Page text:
When I was first becoming aware of the world, circa 1959, I loved Elvis movies and knew the songs by heart. My parents were fans so we watched whenever an Elvis film was on one of our three channels. As an 8 year old I discovered the three “B’s” – Beatles, Byrds and Beach Boys and parallel to that, Elvis became stale and the reruns tiring. I did not think much about Elvis from 1965 until his death in 1977. Sure there were some great songs, “Kentucky Rain,” “Suspicious Minds,” “In the Ghetto,” Guitar Man,” “Burning Love,” but when you compare what he was doing in the movies and Las Vegas with Otis Redding, Al Green, The Band, CCR, CSNY etc. Elvis was not in my radar.
Little did I know that two decades after his August 16, 1977 death – Elvis would change my life and the lives of many others around me? I remember exactly where I was when I heard the news. I was working at Alleyway Records in the shopping mall near my home. Some anonymous person called up in mid-afternoon and asked if we had the radio on. I said, “Nope, listening to records.” He told me to turn on the radio because Elvis just died. With more than a bit of skepticism, I switch on the local rock station and could not believe my ears – he actually was gone. We always kept a good stock of Elvis LPs from all over his career but they were depleted by 5:00 PM
I have to say, I was emotionally shaken because Elvis was such a fixture in everyone’s lives, one you figure would always be around even if you ignored him. That same night, I had a double date with a friend and two sisters to go to a Leo Sayer concert in Huntsville, AL. Sayer was hot at the time and the sold out show was very good but I remember being put off by the fact that he did not make a mention of Elvis’ passing. Even if the guy did not want to throw in an Elvis cover, the least he could do would be to acknowledge the biggest cultural icon of the past 22 years. Right? Well, Elvis is still popular and how many people still remember Leo Sayer?
I wrote earlier that Elvis changed my life two decades on but he changed it in a positive way, just a month or so after his death. A friend and I opened a record store of our own in nearby Ft. Payne, AL, (home of the band, Alabama). Our primary distributor, based in Nashville, wanted to make sure we established a good outlet for the area so they gave us the first batch of Elvis records available in over six weeks. Needless to say, we ordered hundreds and put out ads all over North Alabama that we had the booty. People drove from as far away as Birmingham to buy the audio drugs we were selling. There is always a demand for music when a prominent artist dies but I have never, before or since, experienced anything like this. That started our new business on a great track. Too bad it did not last.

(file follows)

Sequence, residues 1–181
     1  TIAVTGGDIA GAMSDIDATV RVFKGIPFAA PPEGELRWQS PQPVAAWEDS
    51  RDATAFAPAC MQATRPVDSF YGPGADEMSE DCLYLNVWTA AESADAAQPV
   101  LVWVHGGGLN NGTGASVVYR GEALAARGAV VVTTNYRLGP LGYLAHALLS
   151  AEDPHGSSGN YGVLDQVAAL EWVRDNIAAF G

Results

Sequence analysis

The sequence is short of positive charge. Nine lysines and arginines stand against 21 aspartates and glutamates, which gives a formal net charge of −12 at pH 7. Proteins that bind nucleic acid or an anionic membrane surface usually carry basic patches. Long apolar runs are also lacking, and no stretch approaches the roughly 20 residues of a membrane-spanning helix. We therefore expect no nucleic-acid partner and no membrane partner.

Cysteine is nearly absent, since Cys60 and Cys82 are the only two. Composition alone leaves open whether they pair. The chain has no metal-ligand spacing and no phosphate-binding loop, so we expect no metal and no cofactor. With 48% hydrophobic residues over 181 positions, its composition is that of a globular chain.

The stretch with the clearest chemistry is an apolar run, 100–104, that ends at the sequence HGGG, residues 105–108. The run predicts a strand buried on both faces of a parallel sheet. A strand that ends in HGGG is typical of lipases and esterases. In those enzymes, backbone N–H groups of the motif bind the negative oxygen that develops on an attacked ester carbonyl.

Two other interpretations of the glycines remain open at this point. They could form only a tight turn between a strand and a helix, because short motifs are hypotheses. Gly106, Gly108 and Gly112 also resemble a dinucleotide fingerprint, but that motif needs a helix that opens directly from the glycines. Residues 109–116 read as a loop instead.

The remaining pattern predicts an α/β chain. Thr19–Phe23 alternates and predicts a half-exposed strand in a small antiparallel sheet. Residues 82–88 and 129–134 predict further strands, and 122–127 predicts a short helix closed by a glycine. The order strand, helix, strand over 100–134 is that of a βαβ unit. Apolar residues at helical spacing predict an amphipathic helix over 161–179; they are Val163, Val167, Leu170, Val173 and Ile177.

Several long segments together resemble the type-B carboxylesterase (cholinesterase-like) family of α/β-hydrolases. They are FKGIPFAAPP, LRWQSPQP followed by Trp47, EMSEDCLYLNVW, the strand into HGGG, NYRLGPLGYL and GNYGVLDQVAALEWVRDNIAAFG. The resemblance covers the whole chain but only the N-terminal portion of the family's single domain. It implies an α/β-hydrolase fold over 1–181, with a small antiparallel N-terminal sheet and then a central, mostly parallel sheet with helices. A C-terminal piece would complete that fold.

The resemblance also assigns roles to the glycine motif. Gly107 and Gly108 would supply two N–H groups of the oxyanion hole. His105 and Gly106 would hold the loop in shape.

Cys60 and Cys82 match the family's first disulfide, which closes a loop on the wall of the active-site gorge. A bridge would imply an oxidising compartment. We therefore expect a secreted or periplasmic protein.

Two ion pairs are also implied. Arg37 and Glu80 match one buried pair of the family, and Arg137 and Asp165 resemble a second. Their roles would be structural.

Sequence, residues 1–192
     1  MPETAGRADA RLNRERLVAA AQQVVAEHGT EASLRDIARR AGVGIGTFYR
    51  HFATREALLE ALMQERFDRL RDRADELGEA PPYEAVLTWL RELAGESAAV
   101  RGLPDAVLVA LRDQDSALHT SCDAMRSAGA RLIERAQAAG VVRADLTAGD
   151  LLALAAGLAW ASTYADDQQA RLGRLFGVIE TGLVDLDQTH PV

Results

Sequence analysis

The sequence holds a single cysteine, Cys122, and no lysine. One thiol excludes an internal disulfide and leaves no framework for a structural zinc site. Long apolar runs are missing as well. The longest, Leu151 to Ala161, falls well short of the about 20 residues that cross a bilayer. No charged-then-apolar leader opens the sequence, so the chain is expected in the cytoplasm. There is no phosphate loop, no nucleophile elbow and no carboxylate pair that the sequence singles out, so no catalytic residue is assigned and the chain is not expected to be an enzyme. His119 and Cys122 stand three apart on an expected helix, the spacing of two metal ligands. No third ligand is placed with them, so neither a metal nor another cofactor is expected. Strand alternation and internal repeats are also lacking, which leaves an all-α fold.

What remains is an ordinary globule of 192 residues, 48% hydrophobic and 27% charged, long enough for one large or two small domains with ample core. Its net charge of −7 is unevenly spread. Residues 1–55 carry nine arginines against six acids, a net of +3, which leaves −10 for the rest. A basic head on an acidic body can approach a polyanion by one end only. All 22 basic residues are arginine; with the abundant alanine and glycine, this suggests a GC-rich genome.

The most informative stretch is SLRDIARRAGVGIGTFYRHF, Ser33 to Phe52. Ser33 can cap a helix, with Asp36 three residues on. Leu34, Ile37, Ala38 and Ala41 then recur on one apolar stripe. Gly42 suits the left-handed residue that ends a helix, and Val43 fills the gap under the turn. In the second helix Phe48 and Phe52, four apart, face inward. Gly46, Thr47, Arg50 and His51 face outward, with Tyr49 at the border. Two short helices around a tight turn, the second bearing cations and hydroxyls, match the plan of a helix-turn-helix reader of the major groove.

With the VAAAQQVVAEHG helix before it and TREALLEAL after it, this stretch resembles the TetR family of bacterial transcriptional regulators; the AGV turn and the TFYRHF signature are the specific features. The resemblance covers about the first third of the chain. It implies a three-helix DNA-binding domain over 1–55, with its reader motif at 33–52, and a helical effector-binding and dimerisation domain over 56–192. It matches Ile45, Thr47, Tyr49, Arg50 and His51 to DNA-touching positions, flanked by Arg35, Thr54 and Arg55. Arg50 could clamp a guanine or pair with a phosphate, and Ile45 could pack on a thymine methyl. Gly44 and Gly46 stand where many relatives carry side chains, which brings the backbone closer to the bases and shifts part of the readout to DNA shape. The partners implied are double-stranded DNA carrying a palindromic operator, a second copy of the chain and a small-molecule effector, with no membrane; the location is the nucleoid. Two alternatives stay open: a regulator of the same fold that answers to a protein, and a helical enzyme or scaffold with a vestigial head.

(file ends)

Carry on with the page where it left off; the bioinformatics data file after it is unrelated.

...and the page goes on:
Now, back to two decades later – through coincidence or fate, I met Elvis’ first guitarist, Scotty Moore, and drummer D. J. Fontana along with a slew of other Sun Records musicians and artists, including Mr. Sam Phillips, in 1992. That led to managing their comebacks by pairing them up with slightly younger artists who were influenced by those unbelievable tracks from the Sun sessions and early RCA recordings. We recorded with Keith Richards, The Band, Jeff Beck and many others for a record of all new material called All the King’s Men. In 1997, we were nominated for a Grammy, toured Europe several times and participated in a major PBS documentary about Sun Records in it’s hey-day– Good Rockin’ Tonight: The Legacy of Sun Records. This incredible chapter even led to a chance encounter with the great George Harrison (Part 1, Part 2).
In the 2000’s, I was directed and co-produced three films (with much help from producer Susan Rod Graham), all Elvis-related.
Rex Fowler, from the excellent duo Aztec Two-Step, had an idea for a film about all the gifts Elvis gave away and, through a mutual friend, we were introduced. He had a great title: “200 Cadillacs,” (the rumored number of cars he gave to friends, family and strangers). I immediately thought of the Frank Zappa film from the early '70s, “200 Motels” and thought our film should be semi-serious, semi-parody with new music and animation – and updated version of Zappa with Elvis thrown in. Ironically, Zappa’s film was the first shot entirely on videotape. Ours was among the shot on digital tape.
After losing financial backing while in Memphis filming Elvis Week, Susan Graham came in and became an equal producing partner with Rex and me. With two die-hard Elvis fans on board the film became a real tribute to the man and his love of giving. While in the middle of production, I realized they were right and saw first hand that Elvis was not the pill-popping slug I figured him to be. At least not entirely. I was still put off by the way he treated Scotty, D. J. and the late Bill Black, but I could see that he did a lot of nice things for a lot of people.
I co-authored a book, The Blue Moon Boys: The Story of Elvis' First Band, published in hardcover by Chicago Review Press in 2006, which allowed me to use the “published author” title in my resume. I have two films nearing completion (Scotty Moore & Friends Live In London 1999 and The Return of the Blue Moon Boys) so to say that I owe Elvis big-time – and I am far from the only one – is an understatement.
On the 35th anniversary of his passing, I will light a candle and thank Elvis for giving me an interesting life.